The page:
-- Marcus Weaver-Hightower, Assistant Professor, Educational Foundations and Research, mwh@und.edu, 777-3238

Work Well updates listed

Week two begins for the Work Well Fruit and Vegetable Challenge. The goal this week is to try a new fruit or vegetable.

Turn in your week one forms by Wednesday, Nov. 18, to Kim Ruliffson: workwell@mail.und.edu, kimberlyruliffson@mail.und.edu, fax: 777-6030 or intercampus: Mail Stop 8365.

As always, Tennis Shoe Tuesdays are every Tuesday. Put them on, grab a co-worker and take a walk during your lunch or a break.
-- Kim Ruliffson, Coordinator of Work Well, Wellness Center, kimberlyruliffson@mail.und.edu, 777-0210

Doctoral examination set for Karen Miller

The final examination for Karen Miller, a candidate for the Ph.D. degree with a major in English, is set for 3:30 p.m., Nov. 19, in Montgomery Hall, room 20. The dissertation title is: "The Believers: A Novel." Elizabeth Harris Behling (English) is the committee chair. The public is invited to attend.
-- Joseph Benoit, Dean, The Graduate School, gailholweger@mail.und.edu, 777-4005

University Senate agenda items due

A meeting of the University Senate will be held at 4:05 p.m. Thursday, Dec. 3, in Gamble Hall, room 7. Agenda items for this meeting are due in the Office of the Registrar by noon Thursday, Nov. 19. They may be submitted electronically to: lorihofland@mail.und.nodak.edu . It is recommended that some detail be included in the agenda items submitted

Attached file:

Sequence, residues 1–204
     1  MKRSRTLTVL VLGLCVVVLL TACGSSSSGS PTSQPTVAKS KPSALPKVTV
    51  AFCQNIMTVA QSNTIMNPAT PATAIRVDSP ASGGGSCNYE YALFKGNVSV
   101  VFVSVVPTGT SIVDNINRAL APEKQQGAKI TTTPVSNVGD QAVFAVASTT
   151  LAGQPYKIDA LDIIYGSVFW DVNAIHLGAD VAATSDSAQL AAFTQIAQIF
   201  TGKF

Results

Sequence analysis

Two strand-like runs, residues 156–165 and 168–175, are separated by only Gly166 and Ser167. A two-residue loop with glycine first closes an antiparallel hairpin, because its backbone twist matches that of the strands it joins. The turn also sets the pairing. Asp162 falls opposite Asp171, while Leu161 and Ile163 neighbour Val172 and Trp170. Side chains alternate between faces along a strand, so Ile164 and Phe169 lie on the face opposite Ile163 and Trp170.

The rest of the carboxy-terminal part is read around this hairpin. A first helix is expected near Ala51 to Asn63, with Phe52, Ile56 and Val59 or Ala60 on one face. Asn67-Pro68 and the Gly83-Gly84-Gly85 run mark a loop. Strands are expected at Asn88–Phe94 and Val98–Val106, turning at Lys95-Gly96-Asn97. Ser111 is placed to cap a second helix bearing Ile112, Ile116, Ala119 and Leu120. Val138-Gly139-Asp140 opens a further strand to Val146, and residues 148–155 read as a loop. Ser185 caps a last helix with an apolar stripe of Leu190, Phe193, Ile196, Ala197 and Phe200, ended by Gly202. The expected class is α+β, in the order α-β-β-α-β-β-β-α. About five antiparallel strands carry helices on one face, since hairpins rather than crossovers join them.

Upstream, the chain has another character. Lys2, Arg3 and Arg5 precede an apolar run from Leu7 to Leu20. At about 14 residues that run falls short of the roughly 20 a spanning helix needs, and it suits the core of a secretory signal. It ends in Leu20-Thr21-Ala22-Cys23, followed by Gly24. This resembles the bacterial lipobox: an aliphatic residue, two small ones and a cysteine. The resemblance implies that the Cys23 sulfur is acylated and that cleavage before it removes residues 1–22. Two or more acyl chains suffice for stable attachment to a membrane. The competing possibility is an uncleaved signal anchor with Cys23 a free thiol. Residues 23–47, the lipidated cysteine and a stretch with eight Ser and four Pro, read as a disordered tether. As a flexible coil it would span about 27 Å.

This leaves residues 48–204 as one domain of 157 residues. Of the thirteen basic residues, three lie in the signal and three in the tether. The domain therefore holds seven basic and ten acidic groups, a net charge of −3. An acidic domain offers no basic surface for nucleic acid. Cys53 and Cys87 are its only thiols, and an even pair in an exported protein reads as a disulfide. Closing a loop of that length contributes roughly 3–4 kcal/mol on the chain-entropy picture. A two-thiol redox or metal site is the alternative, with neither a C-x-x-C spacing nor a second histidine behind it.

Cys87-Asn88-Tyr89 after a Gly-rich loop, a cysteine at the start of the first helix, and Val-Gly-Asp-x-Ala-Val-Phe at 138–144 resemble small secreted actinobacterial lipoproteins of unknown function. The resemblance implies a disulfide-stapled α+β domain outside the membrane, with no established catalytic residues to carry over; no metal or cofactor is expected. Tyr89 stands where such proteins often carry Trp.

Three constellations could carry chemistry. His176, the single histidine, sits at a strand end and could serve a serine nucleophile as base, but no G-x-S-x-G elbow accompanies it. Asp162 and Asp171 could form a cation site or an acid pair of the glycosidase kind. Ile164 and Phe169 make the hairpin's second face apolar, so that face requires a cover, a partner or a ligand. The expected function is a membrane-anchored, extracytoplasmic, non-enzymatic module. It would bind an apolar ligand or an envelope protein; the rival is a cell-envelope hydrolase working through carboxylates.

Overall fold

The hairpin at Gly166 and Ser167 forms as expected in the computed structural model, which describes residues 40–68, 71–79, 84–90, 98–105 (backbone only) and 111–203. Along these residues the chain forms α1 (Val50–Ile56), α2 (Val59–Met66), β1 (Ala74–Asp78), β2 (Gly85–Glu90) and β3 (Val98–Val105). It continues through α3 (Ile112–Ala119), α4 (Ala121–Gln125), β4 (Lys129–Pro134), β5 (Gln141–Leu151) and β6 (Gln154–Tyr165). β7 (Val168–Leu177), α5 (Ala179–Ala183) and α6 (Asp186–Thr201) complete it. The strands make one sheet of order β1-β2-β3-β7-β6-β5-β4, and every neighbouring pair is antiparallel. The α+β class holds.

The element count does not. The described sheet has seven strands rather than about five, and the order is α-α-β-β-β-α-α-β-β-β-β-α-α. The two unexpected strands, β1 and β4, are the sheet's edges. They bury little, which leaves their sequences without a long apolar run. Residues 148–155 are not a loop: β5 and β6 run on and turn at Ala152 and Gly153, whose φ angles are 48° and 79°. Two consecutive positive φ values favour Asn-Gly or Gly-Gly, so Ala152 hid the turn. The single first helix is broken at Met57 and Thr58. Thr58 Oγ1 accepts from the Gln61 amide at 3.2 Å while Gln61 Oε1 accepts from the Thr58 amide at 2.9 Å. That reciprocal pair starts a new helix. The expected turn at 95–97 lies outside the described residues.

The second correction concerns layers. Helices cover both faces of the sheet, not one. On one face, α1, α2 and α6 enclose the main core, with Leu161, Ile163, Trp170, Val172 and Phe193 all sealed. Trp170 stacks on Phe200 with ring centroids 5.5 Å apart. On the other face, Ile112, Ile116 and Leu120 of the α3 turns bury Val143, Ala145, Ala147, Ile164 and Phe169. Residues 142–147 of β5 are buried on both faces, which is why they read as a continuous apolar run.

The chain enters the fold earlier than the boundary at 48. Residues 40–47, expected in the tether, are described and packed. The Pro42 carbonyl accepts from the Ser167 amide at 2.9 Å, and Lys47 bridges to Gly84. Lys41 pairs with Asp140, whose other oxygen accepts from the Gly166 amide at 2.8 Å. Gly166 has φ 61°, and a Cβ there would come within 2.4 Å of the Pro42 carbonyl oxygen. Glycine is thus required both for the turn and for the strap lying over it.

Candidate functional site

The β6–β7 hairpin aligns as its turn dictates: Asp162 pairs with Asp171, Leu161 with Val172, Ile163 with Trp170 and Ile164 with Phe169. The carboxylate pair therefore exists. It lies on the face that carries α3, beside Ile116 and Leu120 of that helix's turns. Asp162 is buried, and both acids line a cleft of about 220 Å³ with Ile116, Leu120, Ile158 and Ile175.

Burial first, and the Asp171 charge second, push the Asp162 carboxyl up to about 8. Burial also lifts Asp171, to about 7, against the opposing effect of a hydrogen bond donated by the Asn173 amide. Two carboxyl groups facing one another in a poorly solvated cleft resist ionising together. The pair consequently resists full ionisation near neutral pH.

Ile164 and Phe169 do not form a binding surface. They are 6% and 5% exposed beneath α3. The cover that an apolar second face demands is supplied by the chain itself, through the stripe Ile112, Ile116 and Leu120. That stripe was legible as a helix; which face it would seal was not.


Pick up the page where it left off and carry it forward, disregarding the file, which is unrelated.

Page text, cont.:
-– Suzanne Anderson, Secretary, University Senate.

"The Disappeared" exhibition to open at the Museum

The North Dakota Museum of Art will host an exhibition titled "The Disappeared" between Thursday, Nov. 19, and Tuesday, Jan. 17, 2010. The exhibition will open at 4 p.m. on Nov. 19.

"The Disappeared" contains art by 23 contemporary artists from Argentina, Brazil, Chile, Colombia, Guatemala, Uruguay and Venezuela who, over the course of the last 30 years, have made art about the disappeared. These artists have lived through the horrors of the military dictatorships that rocked their countries in the mid-decades of the 20th century. Some worked in the resistance. Some had parents or siblings who disappeared; others were forced into exile. The youngest were born into the aftermath of those dictatorships. And still others have lived in countries maimed by endless civil war.

The exhibition was organized by the North Dakota Museum of Art and opened in North Dakota in March 2005. Subsequently it toured to Buenos Aires, Argentina; Montevideo, Uruguay; Antigua, Guatemala; Santiago de Chile; and Bogota, Colombia in addition to five sites in the United States including New York City; Washington D.C.; Santa Fe, N.M.; University of Wyoming; and the University of Texas at El Paso. The Museum of Art is bringing an expanded version of the show home in November as the final showing before dispersal.